Government amendment 8.

Amendment 29, in clause 116, page 100, line 29, after ‘Authority’, insert

‘and the Secretary of State’.

Government amendments 17, 18, 15 and 16.

Dr Sarah Wollaston (Totnes) (Con): I love medical data. They have undoubtedly saved my life and the lives of almost everybody in the House. Medical data, particularly big data, allow us to identify which drugs and procedures work and which do not work. They enable us to pick up the rare side effects of medications that have recently been released on to the market before they can wreak the kind of havoc that we have seen in the past. They enable us to identify which are the good hospitals and which are the failing hospitals. They allow us to identify which clinicians need serious retraining and from which clinicians the public need protection.

I would argue that evidence-based medicine is one of the greatest advances of our age. Evidence-based medicine works a lot better if we have access to big data. I state for the record that I do not intend to opt out. I hope that the Government will use the six months that we have to mount a clear campaign to the public that sets out just what the possibilities are.

I also feel that some of the concerns about releasing big data to pharmaceutical companies are misplaced. We need our pharmaceutical companies to be able to access those data, and there is a virtuous circle. We know that if we attract more research to the UK, not only will that benefit our universities, it will create more employment.

Barbara Keeley (Worsley and Eccles South) (Lab): My honourable colleague from the Health Committee mentions pharmaceutical companies. Does she feel it is appropriate—we touched on this in the first part of the debate—that insurance companies have access to hospital data? As I said yesterday, BT now has access to our hospital patient data on the cloud systems in the United States. Does she think that those uses are concerning, and what should we do about them?

Dr Wollaston: That is absolutely correct and I will come to those points later in my remarks. The public did not expect to see their records uploaded to insurance companies, specifically where that resulted in higher premiums for many people.

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We have a virtuous circle of improving access to data for our universities and creating high-quality jobs within the industry. If we can attract research to this country, and it is carried out among the UK population, the results from that research will be more relevant to the British population. Also, less research will be carried out in circumstances that are ethically questionable or with oversight that may not be up to the standards we expect in this country, or that sometimes exploits people in developing countries and where we cannot be sure of the accuracy and reporting of that research.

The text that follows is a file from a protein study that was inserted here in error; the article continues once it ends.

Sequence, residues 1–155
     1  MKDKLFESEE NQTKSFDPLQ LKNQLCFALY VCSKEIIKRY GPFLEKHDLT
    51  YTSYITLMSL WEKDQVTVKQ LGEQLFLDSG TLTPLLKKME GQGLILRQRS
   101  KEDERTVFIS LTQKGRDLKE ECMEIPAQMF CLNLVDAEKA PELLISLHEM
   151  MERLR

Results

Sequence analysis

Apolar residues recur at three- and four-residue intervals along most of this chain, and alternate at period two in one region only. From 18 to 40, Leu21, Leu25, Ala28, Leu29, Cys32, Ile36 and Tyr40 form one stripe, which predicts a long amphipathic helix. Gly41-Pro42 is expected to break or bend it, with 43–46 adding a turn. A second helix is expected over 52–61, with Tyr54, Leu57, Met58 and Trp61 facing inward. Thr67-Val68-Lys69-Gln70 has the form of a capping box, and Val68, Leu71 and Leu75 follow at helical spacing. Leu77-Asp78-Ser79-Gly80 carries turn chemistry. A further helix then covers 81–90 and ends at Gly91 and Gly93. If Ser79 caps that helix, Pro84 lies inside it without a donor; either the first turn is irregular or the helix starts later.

This is a virtuous circle, but I am afraid it has unfortunately been broken by the oversight and some of the arrangements that have taken place in NHS England and the Health and Social Care Information Centre. It is frankly beyond me that nobody has assumed responsibility for destroying the trust in what should have been the most exciting advance that would have benefited countless hundreds of thousands of people, not only now but in the future.

On the six-month delay, I call on the Minister to set out clearly how we will campaign to inform the public of the benefits of the proposal, but also of the risks. We have seen a rather patronising approach that has assumed the public will not notice or care about those small risks, but they are there and we must set out clearly what they are and how they will be addressed and minimised. There is much more we can do to minimise those small risks.

Of course we need transparency about past errors; the performance of NHS England and the Health and Social Care Information Centre in the Health Committee was disappointing. I am glad that on its website, NHS England has now clarified that Sir Nick Partridge, former chief executive of the Terrence Higgins Trust, will conduct an audit of all previous data releases by the NHS information centre—the predecessor body. We are also expecting the release on 2 April of all the data released by the current body. I understand that that will set out the legal basis for those releases, but also their purpose, and that goes to the heart of my amendment.